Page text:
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MS&E 111

Fall 2007 Excel Solver Tutorial The Problem: Consider a knapsack problem like the kind discussed in class (and in the supplementary notes). We have four divisible goods with the weights and values listed below. How much of each good should we place in our knapsack (with capacity 15lbs) to maximize the total value of the contents? Weight 17 11 6 12 15 Value 4 2 6 5

1 2 3 4 capacity:

Goods

Convert the problem into a standard LP form and solve in Excel.

x 0 0 1 0.75 A 1 0 0 0 17 0 1 0 0 11

c 4 2 6 5

cTx 9.75

Ax 0 0 1 0 6 0 0 0 1 12 0 0 1 0.75 15

b 1 1 1 1 15

The Problem: We have 3 MS&E students and 3 potential advisors. We wish to match students to advisors in such a way that each student has exactly one advisor and each advisor has exactly one student (professors don't like being overworked). However, not all matchings are equivalent- each possible pairing results in a distinct "happiness" level given in the table below. How should we match students and advisors to maximize the total happiness of the members of the department? Advisors 1 1 6 2 7 3 5.5

2 2 9 7.5

3 7.5 8 3

Students

Convert the problem into a standard form LP and solve. Does the problem have any non-integer solutions? Does Excel ever return a non-integer solution?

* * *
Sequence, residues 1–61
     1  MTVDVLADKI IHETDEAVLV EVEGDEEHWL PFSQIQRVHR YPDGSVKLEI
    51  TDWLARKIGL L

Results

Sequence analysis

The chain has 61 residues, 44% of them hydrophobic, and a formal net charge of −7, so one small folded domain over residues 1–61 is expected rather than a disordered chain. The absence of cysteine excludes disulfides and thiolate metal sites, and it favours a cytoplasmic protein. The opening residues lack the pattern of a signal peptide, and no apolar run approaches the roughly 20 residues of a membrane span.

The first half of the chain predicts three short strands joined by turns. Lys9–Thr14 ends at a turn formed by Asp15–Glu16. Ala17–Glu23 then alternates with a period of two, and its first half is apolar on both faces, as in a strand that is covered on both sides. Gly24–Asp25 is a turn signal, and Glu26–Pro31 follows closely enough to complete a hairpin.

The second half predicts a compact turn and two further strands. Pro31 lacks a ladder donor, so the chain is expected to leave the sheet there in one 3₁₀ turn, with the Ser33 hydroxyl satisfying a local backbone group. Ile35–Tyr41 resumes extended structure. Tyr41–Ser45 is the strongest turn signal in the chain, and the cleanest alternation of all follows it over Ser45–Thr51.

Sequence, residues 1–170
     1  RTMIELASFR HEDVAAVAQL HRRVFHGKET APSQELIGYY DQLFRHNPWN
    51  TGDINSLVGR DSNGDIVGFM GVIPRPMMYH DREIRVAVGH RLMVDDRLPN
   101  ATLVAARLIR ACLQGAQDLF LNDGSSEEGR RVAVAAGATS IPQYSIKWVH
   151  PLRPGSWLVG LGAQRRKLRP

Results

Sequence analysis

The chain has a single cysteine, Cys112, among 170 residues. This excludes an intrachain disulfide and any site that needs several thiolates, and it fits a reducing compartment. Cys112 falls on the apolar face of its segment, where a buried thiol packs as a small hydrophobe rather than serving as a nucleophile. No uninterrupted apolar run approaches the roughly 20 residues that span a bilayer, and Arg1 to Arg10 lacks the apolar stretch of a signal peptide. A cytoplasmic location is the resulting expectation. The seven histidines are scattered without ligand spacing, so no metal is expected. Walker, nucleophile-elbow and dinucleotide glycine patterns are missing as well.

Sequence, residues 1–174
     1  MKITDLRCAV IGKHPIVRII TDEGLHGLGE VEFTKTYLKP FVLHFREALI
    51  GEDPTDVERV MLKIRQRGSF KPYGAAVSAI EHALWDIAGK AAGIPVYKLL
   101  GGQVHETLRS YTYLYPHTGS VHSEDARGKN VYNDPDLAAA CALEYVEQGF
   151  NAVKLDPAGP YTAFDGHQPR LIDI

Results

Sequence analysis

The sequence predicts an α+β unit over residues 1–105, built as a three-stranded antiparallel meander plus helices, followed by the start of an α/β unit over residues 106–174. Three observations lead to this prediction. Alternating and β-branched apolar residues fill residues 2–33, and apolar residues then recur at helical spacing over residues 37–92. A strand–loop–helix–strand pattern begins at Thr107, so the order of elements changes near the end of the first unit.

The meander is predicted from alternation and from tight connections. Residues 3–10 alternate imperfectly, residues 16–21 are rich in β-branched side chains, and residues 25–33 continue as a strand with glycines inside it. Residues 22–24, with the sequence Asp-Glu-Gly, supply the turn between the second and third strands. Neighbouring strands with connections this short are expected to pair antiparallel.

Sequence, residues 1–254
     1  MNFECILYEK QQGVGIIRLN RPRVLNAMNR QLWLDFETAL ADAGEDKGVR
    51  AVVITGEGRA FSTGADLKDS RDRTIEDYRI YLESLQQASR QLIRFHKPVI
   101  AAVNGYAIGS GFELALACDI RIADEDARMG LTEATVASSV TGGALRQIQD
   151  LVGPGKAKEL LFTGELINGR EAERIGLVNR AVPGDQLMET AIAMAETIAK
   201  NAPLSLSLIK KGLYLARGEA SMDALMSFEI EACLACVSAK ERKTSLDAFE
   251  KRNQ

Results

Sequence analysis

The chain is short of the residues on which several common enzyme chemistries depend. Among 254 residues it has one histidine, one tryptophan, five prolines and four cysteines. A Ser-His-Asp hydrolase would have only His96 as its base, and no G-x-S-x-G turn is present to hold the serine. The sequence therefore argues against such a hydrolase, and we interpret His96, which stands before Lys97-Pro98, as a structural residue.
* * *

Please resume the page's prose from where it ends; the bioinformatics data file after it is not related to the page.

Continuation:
x x11 x12 x13 x21 x22 x23 x31 x32 x33 A 1 0 0 1 0 0 1 0 0 0 1 0 0 0 1 1 0 0 0 1 0

c 6 2 7.5 7 9 8 5.5 7.5 3

cTx 22

1 0 0 0 0 1

0 1 0 1 0 0

0 1 0 0 1 0

0 1 0 0 0 1

0 0 1 1 0 0

0 0 1 0 1 0

Note: 1->3, 2->2, 3->1 is also a solution. Excel may give either, but it will never give an intermediate, fractional solution, even though this technically also solves the LP. We'll discuss why this happens later in the course

Ax 0 0 1 0 0 1 1 1 1 1 1 1

b 1 1 1 1 1 1

give an intermediate, s why this happens

Another problem to try on your own (after the tutorial).


The Problem: You are the manager of an employment agency. You have 9 clients looking for employment and 12 potential jobs in which to place them. Each client can only take (at most) one job, and each job can have (at most) one client working on it. Moreover, due to the skills required, each client is only capable of working on some subset of the potential jobs (see the table below). How should you assign clients to jobs to maximize the total number of working clients? Clients (1 := client can do job) 1 2 3 0 1 0 0 0 0 0 0 0 0 0 0 0 0 0 0 0 0 1 1 1 0 0 0 0 0 1 0 0 0 0 0 0 1 0 0

1 2 3 4 5 6 7 8 9 10 11 12

4 0 0 1 0 0 0 0 0 0 1 0 0

5 0 1 0 1 0 1 0 0 0 0 1 0

6 1 0 0 0 0 0 0 0 0 0 0 1

7 1 0 1 0 0 0 1 0 0 0 0 1

8 0 0 1 0 1 0 0 0 1 0 0 1

Jobs

9 0 0 1 0 0 0 1 0 0 0 0 0

x 0 0 0 0 0 0 0 0 0 0 0 1 1 0 0 0 0 0 0 1 0 0 0 0 0 1 0 0 0 0 0 0 0 0 1 0 0 0 1 0 0 0 0 0 0 0 0 0 1 0 0 1 0 1 0 0 0 0 0 0 0 0 0 0 1 1 0 0 0 0 0 0 0 0 0 0 0 1 0 0 1 0 0 0 0 0 0 0 0 0 1 0 0 0 0 1 0 0 0 0 0 0 0 1

colsums

Note: Because of the size of the problem, we've kept the decision variables in matrix form, rather than vectorizing everything as we did in the previous problem. When solving matching problems on HW, you may use either approach. Just be sure to understand that any LP can be written in matrix / vector form.

0 0 0 0 0 0 0 0 0 0 0 0 0

rowsums 1 1 1 0 1 0 1 0 1 1 0 1

obj 8